Solidaridad South America
Innovation with sustainable commodities
Farmers feel 'triggers' that drive them to continually improve their practice: input and labour scarcity; rising demand for risk-free, certified and legally compliant supply sources; robust forestry laws; and the need to design sustainable landscapes. Solidaridad South America aims to deliver innovative solutions which make this kind of change happen.
Legal compliance helps make the transformation to sustainable agriculture. Traditional premium markets, whether in the EU, USA or Japan - with their voluntary standards - are gradually losing out to home markets and to Asia. Working with large brands, local businesses, communities, civil society and governments are creating low-risk, legally compliant farming landscapes.
Main achievements and partnerships
Major programmes include encouraging and helping 120 miners and 2270 families who are farming 690,000 hectares to implement voluntary sustainability standards. The main partners are Unilever, Rainforest Alliance (tea), Agropalma, RSPO (palm), Bonsucro, Shell/Cosan (sugar cane), Anapo, Los Grobo, INTA, Fapcen, Syngenta, DAP, RTRS, IDH, and SALSA partners (soy).
Rural Horizons is an expert system that supports continual improvement in a 'race to the top' approach. It involves hundreds of beef, sugar-cane, soy and cotton farmers who farm more than 70,000 hectares.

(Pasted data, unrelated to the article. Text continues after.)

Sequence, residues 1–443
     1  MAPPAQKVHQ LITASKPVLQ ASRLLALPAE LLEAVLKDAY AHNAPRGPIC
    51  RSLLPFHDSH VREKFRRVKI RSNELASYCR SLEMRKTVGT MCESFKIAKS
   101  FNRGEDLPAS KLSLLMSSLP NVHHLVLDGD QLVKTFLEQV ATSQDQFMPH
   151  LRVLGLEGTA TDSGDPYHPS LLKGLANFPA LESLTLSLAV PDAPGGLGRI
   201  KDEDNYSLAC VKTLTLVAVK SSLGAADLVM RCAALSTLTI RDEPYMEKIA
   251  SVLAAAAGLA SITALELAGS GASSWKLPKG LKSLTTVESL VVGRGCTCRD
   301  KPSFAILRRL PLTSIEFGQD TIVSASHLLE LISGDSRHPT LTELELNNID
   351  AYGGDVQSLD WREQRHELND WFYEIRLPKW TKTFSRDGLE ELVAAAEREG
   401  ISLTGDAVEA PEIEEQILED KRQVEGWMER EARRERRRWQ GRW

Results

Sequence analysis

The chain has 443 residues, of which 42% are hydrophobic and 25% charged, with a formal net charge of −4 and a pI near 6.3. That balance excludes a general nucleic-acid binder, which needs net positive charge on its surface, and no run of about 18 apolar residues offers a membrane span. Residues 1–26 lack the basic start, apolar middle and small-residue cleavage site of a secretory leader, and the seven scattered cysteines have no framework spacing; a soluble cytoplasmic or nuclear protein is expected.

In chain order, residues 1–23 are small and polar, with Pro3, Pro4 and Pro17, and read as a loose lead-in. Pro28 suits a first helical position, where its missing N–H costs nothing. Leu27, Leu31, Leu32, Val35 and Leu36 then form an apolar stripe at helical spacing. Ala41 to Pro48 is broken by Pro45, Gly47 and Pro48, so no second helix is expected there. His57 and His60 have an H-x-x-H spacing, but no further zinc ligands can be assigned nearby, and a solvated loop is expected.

Together with Norad, Moore, IDH, and FSP as donors, and ICV, Moises Bertoni, UNDP, ProYungas as partners, sustainable landscaping has begun in the Amazon, Atlantic Rainforest and Chaco regions. Integrated on/off-farm incentives provide metric data for regional multi-stakeholder dialogues.
Solidaridad South America provides the following services to the Solidaridad Network: RBM training, IPC livestock support, and FSP/FSLA governance and administration.
Rural Horizons addresses farmers' needs in sustainability, certification and legal compliance. Spearheaded by smart land use and food security, missions took place to Colombia, Mozambique and Ghana in 2013. In return, valuable input was received from the Network on commodities, strategic relations, systemic development and communication. As conditions vary considerably in different regions, expertise clearly needs to be tailored.
With financial growth of 40%, the regional staff grew from 9 to 19 people, and from one to three legal entities, with country leaders based in Argentina, Brazil and Paraguay. Through participation in Roundtables, think tanks, sectoral institutions, standard setting bodies, producer associations and communication groups knowledge is transferred to the Network and transformed into valuable market intelligence, which helps to build the Solidaridad 'brand'.